Hydrogen supplementation: can it add sparkle to your performance?

Can the ingestion of dissolved hydrogen gas in water enhance endurance performance? Peak Performance looks at what the science says and comes up with a verdict

Hydrogen is the lightest and most fundamental element in the universe, providing the nuclear fusion fuel for countless trillions of stars out there (including our sun). Here on Earth, hydrogen is no less important because when chemically combined with oxygen, it forms the most important substance of all for life – water. But while the Earth has over 130 trillion tons of water on its surface, containing around 15 trillion tons of chemically bound hydrogen, pure hydrogen (as the gas H2) is actually very sparse.

Estimates of the amount of hydrogen in the air we breathe vary, but are typically around 0.6 parts per million(1). This is a tiny amount compared to the other gases we find in air – nitrogen, oxygen, argon, CO2 etc (see figure 1). The reason for the extremely low concentration of hydrogen is simple; while the Earth’s crust releases thousands of tons of pure hydrogen gas into the atmosphere each year, the Earth’s gravity is not strong enough to hold onto it. Hydrogen’s low density (lightness) means it quickly rises to the top of the atmosphere and is lost into space. In short, when you breathe in air – during exercise or at any other time – the amount of hydrogen gas you inhale is minuscule.


Figure 1: Concentration of gases in the atmosphere (parts per million)

Figures show parts per million (PPM). At 0.6PPM, hydrogen is extremely scarce in the air.


The theory of hydrogen supplementation

Now we know more about the background to natural hydrogen, it’s time to try and answer this question: can inhaled hydrogen from a supplement that releases hydrogen when dissolved into water affect exercise performance? First off, let’s look at the theory of why inhaling hydrogen gas might provide a performance benefit. The chemistry of hydrogen gas is very different to hydrogen that is chemically bound to other elements – for example when bound to oxygen in water. In particular, hydrogen gas is very good at capturing or neutralising potentially harmful oxygen free radicals, which occur when energy is liberated in our cells during aerobic metabolism (ie using oxygen).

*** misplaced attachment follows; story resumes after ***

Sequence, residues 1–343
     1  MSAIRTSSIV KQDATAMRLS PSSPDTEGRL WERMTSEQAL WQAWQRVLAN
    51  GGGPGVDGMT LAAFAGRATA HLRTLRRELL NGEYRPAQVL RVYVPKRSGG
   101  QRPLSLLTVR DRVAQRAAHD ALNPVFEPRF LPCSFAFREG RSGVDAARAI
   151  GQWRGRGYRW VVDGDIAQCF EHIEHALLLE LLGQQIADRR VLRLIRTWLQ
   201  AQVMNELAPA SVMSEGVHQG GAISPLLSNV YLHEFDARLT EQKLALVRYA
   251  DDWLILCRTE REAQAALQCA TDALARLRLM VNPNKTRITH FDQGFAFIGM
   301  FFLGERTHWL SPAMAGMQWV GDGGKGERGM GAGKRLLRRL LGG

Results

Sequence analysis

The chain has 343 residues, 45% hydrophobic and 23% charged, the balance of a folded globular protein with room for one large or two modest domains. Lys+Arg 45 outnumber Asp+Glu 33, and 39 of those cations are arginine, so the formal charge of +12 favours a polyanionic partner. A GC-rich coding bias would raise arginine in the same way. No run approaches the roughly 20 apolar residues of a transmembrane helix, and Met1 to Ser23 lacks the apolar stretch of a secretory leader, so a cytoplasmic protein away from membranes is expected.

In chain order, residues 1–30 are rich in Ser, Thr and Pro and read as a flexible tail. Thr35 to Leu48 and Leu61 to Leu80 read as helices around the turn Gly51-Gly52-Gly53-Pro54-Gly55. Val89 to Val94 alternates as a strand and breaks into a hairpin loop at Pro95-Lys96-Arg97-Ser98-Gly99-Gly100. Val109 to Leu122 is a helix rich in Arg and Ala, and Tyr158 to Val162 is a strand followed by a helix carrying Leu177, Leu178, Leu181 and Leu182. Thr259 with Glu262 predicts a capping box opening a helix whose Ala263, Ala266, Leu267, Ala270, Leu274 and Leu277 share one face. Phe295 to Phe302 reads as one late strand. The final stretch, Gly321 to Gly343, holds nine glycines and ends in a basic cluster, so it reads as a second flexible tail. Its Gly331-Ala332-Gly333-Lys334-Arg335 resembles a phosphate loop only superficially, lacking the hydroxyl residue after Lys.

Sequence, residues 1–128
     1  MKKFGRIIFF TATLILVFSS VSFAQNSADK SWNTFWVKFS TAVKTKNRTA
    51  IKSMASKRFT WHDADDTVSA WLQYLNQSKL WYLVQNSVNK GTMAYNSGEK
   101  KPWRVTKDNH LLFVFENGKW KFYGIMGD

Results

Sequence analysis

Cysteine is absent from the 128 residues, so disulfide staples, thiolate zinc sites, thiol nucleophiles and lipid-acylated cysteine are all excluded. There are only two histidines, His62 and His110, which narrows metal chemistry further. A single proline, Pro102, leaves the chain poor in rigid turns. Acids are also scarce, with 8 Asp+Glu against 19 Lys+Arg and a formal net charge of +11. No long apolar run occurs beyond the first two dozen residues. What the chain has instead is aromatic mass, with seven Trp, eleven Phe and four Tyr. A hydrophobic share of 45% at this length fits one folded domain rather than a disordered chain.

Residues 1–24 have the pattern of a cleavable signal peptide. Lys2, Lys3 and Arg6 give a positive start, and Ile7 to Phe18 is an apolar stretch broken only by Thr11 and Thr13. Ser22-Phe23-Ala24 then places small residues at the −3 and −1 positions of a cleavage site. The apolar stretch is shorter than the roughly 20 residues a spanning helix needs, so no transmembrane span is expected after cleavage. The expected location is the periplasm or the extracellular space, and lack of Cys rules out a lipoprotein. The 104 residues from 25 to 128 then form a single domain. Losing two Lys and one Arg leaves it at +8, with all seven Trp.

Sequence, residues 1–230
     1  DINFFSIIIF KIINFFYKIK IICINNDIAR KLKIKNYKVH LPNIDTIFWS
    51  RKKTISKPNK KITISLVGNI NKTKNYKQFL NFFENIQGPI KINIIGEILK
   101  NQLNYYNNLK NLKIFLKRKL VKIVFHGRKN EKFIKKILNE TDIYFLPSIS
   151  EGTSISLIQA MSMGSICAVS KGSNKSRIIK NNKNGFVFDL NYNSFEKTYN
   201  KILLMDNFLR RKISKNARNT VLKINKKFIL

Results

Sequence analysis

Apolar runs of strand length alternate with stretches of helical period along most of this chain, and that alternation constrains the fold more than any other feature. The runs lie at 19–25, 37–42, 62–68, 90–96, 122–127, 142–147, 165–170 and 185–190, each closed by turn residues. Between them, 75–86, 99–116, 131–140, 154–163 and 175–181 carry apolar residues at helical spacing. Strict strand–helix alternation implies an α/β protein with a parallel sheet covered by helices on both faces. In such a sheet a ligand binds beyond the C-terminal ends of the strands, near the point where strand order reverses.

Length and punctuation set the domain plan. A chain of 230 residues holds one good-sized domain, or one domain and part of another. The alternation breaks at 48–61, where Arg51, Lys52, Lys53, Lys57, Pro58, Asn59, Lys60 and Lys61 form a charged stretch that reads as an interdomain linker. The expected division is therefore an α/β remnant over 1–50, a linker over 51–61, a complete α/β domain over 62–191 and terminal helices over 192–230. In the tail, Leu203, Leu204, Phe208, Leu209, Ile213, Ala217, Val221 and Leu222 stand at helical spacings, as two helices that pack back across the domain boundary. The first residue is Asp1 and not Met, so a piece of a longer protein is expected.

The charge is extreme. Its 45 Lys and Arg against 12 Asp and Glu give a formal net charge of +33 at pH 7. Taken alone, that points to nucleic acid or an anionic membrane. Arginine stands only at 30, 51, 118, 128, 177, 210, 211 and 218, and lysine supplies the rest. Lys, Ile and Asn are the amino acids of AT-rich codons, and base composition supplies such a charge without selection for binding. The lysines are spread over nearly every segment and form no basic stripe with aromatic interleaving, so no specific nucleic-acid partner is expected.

The theory is that while some oxygen free radical activity is a natural part of oxygen metabolism, excessive or uncontrolled free radical damage is harmful, resulting in cell damage and inflammation. Our bodies possess sophisticated antioxidant defence systems, which become more efficient in trained athletes. However, during periods of intense training, the argument is that the use of supplements to boost these defences could be of benefit (for a more detailed discussion on the pros and cons of free radicals and antioxidants, see this article) – and this is where hydrogen gas steps in. These hydrogen supplements are in the form of effervescent tablets that release hydrogen gas when added to water. Some of the released hydrogen dissolves into the water so that when the water is consumed, a small amount of hydrogen is consumed too (see box 1).


Box 1: Hydrogen supplementation

The hydrogen supplements on the market consist of effervescent tablets, which release a small amount of hydrogen gas when added to a glass of water. Most of this gas escapes into the air, but a very small amount dissolves in the water, making it available to the body when the water is drunk. The actual amount of hydrogen consumed however is miniscule because compared to many other gases, it is not at all soluble in water. For example, water at 20C can dissolve 40mg of oxygen per litre of water. For nitrogen, the figure is 15mgs per litre. Carbon dioxide is much more soluble; a litre of water can dissolve 1,700mgs of CO2 (which a good reason why fizzy drinks are carbonated, not oxygenated!). However, the maximum amount of hydrogen that can be dissolved in a litre of water is just 1.6mg. This means that an athlete consuming a 300ml glass of hydrogen water would only be consuming around 0.5mg of hydrogen – that’s 1/2000th of a gram.